The Lawyer Africa Elite 2014 features an in-depth look at 46 leading independent firms’ strategies in 15 key sub-Saharan jurisdictions, as well as the views of in-house counsel from some of Africa’s largest companies... Read more
This year, The Lawyer’s annual ranking of the largest UK law firms by turnover is available as an interactive, digital benchmarking tool. For the first time this will allow you to manipulate each data set against the metrics of your choice.
Councils convicted of a criminal offence under the Environmental Protection Act 1990 are not liable for any further civil claims, the Court of Appeal has ruled.
The decision in favour of Hackney Council in London means other local government organisations have escaped facing a potential avalanche of civil claims seeking damages for statutory nuisances.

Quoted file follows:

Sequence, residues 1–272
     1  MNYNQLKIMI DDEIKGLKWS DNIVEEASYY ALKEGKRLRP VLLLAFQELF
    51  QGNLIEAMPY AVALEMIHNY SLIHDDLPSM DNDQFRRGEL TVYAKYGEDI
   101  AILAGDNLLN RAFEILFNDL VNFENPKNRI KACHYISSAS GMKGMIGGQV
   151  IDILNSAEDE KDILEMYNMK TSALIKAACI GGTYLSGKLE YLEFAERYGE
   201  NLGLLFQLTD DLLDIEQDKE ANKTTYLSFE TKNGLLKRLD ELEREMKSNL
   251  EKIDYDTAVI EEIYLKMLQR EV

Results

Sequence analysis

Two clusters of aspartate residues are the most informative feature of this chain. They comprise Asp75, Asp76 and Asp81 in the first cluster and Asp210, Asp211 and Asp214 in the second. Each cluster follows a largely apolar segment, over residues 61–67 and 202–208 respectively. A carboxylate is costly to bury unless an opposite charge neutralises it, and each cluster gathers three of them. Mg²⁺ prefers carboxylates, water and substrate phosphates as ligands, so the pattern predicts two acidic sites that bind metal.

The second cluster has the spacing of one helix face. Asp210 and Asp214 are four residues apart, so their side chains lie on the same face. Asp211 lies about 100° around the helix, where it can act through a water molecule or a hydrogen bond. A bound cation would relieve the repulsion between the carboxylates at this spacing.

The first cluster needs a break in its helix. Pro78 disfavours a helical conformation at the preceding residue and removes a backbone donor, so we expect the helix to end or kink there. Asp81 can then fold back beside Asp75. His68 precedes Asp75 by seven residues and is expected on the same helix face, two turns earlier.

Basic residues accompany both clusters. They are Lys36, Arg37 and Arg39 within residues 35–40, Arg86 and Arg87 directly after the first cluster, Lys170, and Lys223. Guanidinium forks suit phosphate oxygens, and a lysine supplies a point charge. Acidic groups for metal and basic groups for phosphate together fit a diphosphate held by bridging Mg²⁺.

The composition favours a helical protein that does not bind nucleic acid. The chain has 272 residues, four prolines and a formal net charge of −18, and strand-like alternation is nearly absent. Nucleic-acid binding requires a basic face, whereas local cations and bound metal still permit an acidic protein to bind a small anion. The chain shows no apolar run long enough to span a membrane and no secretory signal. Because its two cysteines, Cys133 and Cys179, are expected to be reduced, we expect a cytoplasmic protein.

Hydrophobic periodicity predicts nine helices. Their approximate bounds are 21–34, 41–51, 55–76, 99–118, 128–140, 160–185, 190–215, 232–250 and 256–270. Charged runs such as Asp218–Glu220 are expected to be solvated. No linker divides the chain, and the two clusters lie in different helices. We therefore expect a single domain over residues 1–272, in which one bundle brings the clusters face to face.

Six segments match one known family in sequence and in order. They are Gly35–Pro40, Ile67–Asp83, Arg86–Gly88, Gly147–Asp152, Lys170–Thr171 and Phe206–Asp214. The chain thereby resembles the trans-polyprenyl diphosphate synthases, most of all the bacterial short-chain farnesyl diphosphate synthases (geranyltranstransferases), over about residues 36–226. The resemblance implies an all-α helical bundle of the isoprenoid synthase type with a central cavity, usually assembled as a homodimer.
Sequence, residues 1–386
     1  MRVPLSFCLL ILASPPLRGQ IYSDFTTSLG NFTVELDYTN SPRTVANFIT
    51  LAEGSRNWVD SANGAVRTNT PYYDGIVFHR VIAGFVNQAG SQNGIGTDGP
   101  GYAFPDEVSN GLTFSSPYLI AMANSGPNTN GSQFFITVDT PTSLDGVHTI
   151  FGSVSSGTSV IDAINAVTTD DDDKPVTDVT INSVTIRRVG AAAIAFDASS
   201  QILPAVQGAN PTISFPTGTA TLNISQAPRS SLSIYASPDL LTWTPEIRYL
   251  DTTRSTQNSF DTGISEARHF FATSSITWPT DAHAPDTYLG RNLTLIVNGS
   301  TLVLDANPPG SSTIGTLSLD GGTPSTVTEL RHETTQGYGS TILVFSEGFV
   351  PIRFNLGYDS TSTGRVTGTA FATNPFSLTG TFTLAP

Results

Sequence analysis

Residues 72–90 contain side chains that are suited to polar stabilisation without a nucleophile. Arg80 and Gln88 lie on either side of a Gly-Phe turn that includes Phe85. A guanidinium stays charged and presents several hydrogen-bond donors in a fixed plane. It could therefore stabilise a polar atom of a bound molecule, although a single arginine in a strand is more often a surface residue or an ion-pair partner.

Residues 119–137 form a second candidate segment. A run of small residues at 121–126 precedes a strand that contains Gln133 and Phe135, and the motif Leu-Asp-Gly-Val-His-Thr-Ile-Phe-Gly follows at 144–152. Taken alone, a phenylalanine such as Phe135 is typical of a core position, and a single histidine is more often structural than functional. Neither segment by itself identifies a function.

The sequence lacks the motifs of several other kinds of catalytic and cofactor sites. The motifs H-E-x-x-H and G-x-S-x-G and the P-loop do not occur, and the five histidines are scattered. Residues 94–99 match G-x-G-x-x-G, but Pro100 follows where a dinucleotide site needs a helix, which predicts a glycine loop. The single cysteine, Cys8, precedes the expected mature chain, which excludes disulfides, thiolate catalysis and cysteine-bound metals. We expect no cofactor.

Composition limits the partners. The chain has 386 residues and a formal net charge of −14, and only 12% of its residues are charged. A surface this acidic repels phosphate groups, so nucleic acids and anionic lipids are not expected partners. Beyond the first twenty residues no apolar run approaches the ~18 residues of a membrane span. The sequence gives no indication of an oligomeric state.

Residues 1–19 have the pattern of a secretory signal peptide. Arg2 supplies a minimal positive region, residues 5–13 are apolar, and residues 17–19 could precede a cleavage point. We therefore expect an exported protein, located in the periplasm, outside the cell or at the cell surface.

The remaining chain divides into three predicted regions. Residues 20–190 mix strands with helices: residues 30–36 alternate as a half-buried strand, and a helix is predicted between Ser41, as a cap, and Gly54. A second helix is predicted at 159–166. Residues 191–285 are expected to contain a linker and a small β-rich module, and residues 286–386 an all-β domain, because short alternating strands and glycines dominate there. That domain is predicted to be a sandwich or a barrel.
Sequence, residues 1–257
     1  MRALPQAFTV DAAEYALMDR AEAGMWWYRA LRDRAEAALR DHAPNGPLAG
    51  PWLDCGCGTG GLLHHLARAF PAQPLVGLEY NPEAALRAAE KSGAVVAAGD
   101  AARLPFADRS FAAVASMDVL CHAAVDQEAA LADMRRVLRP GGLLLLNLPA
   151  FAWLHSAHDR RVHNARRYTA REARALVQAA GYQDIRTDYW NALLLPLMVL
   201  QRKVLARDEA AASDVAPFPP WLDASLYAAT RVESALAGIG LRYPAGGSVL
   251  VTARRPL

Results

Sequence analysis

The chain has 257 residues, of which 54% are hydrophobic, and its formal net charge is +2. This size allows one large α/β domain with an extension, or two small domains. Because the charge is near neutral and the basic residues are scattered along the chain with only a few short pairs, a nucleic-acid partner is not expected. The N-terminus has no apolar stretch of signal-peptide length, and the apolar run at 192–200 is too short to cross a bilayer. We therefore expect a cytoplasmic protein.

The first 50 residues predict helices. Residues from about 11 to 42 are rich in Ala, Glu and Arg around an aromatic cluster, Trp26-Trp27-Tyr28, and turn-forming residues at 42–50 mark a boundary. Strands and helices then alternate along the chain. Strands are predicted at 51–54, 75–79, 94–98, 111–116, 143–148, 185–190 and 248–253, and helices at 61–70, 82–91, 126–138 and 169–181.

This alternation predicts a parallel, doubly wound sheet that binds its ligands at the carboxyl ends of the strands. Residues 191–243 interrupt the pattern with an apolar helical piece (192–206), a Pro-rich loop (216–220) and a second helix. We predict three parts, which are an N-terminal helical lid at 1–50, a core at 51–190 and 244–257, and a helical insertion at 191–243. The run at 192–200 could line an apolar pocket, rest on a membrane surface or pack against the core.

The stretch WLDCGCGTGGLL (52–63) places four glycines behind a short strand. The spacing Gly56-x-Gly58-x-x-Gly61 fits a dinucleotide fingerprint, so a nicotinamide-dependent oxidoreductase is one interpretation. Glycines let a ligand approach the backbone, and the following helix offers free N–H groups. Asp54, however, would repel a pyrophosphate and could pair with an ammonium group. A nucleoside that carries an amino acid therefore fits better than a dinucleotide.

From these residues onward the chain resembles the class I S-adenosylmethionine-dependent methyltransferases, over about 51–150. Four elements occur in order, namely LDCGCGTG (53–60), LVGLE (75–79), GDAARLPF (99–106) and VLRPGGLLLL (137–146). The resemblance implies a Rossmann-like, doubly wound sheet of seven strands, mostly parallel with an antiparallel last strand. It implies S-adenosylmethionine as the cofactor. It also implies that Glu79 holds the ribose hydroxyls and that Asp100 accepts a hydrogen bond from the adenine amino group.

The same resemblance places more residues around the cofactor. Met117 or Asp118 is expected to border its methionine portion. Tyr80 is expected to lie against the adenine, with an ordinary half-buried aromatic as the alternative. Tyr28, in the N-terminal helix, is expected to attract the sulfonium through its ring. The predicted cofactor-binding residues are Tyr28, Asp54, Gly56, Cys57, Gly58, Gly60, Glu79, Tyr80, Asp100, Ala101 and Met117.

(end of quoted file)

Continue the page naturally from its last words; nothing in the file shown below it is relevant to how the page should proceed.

Tenants of a Hackney Council flat had complained of mould and condensation in their home in the mid-1980s. In 1989, the council pleaded guilty before magistrates to an offence under Part III of the 1936 Public Health Act (replaced by the Environmental Protection Act 1990) and a total of £1,900 compensation was awarded to the tenants.
In 1992, the tenants brought a successful civil action against the council and won an unspecified amount of damages for having suffered long-term ill health arising from their time in the damp council flat.
Hackney appealed and late last month the court found in favour of the council's counsel Richard Drabble QC's argument that the Act was a self-contained code and there were no suitable grounds for the creation of civil courses of action.
Drabble said that although the 1936 Act had been replaced by the Environmental Protection Act in 1990, it seemed the precedent would remain. He added: "If the decision had gone the other way it would have been very important."